From the beginning, Sontag seeks to strip even prehistoric art of its ritual content, and its pragmatism, with the historically false suggestion that it was purely sensual. It is by deliberate rejection of context that she strips the creative act of ritual, renders artists mute, depoliticizes, neuters, and demeans notions of depth and deception, implication and interrogation, makes the reader, the viewer, the listener a bland consumer, and susceptible to manipulations for which Sontag would deny them a reciprocal vocabulary. Precisely when the ‘West’ was awakening awkwardly to the coercive facts of culture, and the politics it serves, Sontag suggested that we are best served by remaining asleep. If our interrogations, and our search for meaning is “insensitive” to contemporary needs and practice, we should throw them off, she says, but whose needs, and whose practice is the critic or the reader, viewer, or listener to be sensitive to?
The greatest danger of Against Interpretation is that Sontag is willfully blind to the coercive facts of culture, to semiotics, propaganda, the insinuations of power in culture. Strangely, for a critic who produced Notes on Camp in the same year, she seems to misunderstand irony, which is always latent content. Against Interpretation encourages a laissez-faire laziness disguised as radicalism, and presumes that criticism is a burden to the mind. The lionization of Against Interpretation, when considered in the context of feminism is, bluntly, stupid. Betty Friedan’s The Feminine Mystique (1963) warned against submitting to surfaces. Sontag’s anti-intellectual emphasis on merely formal, surface aesthetics, her Gertrude Stein-like refusal of the unconscious, of latency, of deceits, of double-entendres, etc. in the context of not only feminism, but also civil rights, psychedelia, censorship, the escalation of the Vietnam War, the Sixties as a decade of revolutionary interpretation and revision is intellectually derelict. It was a dangerously naïve essay then, and is more dangerous now. We must always be suspicious of the text. On Sontag’s terms, Against Interpretation should be overthrown, as a matter of duty. Sontag simply failed to understand that All culture is a metaphor for violence. All culture is a displacement, however temporary, of violence. When we dispense with the interpretation of culture, we become its victims.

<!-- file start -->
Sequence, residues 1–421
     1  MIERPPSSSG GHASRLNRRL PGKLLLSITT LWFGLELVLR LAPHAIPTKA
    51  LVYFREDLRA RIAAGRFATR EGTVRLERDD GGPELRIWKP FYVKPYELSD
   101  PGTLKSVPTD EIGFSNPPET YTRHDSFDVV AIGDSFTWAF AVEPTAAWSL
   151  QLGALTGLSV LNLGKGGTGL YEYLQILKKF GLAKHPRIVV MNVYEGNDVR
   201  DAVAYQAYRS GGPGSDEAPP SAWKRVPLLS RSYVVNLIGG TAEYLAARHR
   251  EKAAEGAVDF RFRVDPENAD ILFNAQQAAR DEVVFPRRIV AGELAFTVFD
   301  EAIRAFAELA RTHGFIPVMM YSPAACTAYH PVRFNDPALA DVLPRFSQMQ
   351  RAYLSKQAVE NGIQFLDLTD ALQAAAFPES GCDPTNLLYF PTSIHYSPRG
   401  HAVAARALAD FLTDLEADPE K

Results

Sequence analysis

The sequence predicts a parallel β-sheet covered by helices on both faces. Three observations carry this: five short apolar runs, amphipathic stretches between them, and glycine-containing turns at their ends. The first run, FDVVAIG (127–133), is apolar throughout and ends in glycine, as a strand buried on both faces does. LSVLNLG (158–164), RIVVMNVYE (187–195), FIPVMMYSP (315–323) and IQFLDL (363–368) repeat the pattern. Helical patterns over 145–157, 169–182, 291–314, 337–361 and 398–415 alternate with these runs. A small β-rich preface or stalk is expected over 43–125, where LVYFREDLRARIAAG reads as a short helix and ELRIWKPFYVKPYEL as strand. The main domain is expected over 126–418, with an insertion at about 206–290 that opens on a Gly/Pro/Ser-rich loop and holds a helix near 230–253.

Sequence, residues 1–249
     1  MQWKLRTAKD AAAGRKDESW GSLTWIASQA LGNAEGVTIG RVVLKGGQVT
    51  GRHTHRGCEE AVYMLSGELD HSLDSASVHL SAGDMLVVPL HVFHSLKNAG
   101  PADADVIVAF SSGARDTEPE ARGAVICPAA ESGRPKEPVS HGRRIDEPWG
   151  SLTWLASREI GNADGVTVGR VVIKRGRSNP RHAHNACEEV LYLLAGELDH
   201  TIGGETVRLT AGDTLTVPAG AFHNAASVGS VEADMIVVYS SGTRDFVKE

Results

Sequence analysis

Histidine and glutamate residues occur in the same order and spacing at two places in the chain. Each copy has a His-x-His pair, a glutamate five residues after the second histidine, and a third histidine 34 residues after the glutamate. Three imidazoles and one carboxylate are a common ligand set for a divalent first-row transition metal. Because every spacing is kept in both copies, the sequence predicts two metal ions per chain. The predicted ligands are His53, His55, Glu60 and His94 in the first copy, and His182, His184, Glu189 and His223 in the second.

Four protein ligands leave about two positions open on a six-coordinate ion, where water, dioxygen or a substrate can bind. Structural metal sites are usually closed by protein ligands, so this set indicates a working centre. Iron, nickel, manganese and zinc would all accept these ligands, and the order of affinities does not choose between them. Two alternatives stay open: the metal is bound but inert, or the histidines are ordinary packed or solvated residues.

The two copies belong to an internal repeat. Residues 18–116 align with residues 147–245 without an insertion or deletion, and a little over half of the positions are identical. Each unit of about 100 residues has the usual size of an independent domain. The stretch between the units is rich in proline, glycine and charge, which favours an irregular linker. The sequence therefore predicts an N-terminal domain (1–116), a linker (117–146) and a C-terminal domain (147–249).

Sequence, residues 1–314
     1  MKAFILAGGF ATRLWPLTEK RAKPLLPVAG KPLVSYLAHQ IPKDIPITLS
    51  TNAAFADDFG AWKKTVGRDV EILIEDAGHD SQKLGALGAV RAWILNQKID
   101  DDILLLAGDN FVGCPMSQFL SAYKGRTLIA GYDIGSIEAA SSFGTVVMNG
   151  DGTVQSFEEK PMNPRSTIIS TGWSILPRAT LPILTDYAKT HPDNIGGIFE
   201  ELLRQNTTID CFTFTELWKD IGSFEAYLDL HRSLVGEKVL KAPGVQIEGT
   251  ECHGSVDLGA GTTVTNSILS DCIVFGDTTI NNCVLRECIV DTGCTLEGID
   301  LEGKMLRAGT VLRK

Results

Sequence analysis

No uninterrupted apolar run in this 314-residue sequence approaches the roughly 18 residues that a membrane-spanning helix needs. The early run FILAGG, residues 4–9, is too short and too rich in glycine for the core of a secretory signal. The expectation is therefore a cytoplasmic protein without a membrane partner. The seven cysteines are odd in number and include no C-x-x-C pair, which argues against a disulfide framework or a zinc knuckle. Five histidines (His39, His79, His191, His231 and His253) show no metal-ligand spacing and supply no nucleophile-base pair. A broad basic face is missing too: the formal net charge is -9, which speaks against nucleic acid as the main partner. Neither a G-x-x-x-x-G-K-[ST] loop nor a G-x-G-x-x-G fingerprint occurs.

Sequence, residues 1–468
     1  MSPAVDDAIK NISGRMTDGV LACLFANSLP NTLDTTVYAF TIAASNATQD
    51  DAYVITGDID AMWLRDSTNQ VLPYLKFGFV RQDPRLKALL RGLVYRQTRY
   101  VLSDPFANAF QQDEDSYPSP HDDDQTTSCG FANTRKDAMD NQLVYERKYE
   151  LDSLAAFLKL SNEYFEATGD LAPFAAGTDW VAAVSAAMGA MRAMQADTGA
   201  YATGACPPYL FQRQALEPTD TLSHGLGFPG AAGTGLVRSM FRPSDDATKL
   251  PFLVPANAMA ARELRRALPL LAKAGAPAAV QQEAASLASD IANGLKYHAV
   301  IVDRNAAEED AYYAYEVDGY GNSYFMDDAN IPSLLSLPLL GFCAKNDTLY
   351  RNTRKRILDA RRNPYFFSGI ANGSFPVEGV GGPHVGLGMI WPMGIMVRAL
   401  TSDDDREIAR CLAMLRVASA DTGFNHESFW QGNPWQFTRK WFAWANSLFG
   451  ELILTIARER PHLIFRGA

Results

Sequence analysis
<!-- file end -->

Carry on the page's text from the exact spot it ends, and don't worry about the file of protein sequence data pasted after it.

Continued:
—James Reich, November 2017